Wild Indigo

 
His Stolen Bride by Judith Stanton
(Harper, $5.99, PG-13) ISBN 0-06-109787-X
****
For me, the remarkable hero of Judith Stanton's His Stolen Bride is the most interesting element in a highly readable book, with its setting…the Moravian community of 1796…running a strong second.

Nicholas Blum is described by his father as "a brilliant, bold, impulsive man who does not always count the cost of acting on his convictions." He is also, at age 28, a man who failed at all four of his apprenticeships before ending up as the only tinsmith in the Moravian settlement of Salem, North Carolina. The community has decided he should have another chance at success, so his father secures him a position working for a shopkeeper in Bethlehem, Pennsylvania, 300 miles north of Salem.

Arriving in Bethlehem, Nicholas finds Georg Till and his assistant, Christian Huber, away from the shop, on a buying trip to Philadelphia. Brother Till has left the shop in his daughter's charge, and so it is Abbigail Till, a "clever, bossy little wren," who introduces Nicholas to his duties as a shopkeeper's assistant.

Abbigail, three years older than Nicholas, is a confirmed spinster who nevertheless finds herself attracted to Nicholas' practiced charm. Nicholas, in turn, finds himself trying to protect her from her gouty father's irritable carping and from Brother Huber's sly insinuations. More and more, Abbigail supplants Catherina Baumgarten, the girl he left behind, in his thoughts and fantasies.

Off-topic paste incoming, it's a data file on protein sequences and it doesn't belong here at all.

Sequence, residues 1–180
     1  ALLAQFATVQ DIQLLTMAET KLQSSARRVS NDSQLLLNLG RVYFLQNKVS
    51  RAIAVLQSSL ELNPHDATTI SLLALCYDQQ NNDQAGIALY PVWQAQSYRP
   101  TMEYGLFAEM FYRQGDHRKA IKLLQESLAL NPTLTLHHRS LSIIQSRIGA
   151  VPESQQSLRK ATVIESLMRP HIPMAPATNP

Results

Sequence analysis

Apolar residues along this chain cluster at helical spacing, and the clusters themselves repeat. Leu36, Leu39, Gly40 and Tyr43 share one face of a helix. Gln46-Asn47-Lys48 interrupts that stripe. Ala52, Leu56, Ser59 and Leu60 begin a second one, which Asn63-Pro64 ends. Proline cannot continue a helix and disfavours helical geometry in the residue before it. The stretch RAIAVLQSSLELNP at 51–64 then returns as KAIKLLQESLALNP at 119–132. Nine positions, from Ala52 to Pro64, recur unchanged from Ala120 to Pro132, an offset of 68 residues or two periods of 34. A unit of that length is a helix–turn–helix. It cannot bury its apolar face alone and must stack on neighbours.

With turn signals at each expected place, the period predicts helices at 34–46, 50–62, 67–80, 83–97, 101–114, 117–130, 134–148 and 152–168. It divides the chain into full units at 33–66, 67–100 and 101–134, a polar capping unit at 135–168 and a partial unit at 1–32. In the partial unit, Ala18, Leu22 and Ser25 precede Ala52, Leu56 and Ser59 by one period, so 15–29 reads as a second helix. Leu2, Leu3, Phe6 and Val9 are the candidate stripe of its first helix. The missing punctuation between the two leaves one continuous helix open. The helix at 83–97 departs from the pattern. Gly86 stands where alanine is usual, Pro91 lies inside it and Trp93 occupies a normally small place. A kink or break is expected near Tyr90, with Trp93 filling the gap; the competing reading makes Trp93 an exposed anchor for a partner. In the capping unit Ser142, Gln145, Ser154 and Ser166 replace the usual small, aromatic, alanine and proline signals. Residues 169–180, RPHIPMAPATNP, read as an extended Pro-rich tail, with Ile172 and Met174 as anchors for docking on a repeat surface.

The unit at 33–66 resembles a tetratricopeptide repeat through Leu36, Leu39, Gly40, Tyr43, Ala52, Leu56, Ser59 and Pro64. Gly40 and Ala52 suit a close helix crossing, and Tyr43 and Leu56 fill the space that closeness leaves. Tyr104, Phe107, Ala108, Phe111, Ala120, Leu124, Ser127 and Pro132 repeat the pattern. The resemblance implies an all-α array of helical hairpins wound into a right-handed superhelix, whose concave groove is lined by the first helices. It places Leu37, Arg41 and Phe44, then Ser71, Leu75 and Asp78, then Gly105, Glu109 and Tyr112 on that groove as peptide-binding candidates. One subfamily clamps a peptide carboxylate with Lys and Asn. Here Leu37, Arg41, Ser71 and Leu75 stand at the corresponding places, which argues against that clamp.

When he left Salem, Nicholas considered himself unofficially betrothed to Catherina even though courtship, or even flirting, was forbidden by the Moravian Brotherhood. The Elders arranged all marriages, and Nicholas had already asked to be allowed to marry and had been turned down. He knows, however, that Catherina views his suit far more favorably than did the Elders. When he learns that Catherina has been betrothed to his brother, Matthias, his actions precipitate a crisis that affects his family, Catherina, Abbigail, her father, and Brother Huber.

Nicholas is an archetypal example of a square peg in a round hole. In a community that values conformity and restraint, he is charismatic, intelligent, and impetuous, quick to act, slower to think. Deeply religious, he chafes at the restraints his society places on him but is unable to consider life outside the community.

Many of the historical romances I read convey remarkably little of the flavor of the times in which they take place. The protagonists are frequently 20th century actors dressed in period costumes but retaining most of the attitudes and convictions current in the 1990's. In His Stolen Bride, Stanton does an exceptional job of portraying the effect of their religious principles on the individuals living in this 18th century community. Their place and their times shape the conflicts that challenge Abbigail, Nicholas, Catharina, and Matthias.

Although, I found some of Stanton's secondary characters overly simplified…the good guys too honorable and the bad guys too disagreeable…and the writing occasionally awkward, these minor defects were outweighed by all the positive attributes of this book. If you like an unusual setting, handled expertly, and imperfect but likeable protagonists, I can recommend His Stolen Bride.

--Nancy J. Silberstein


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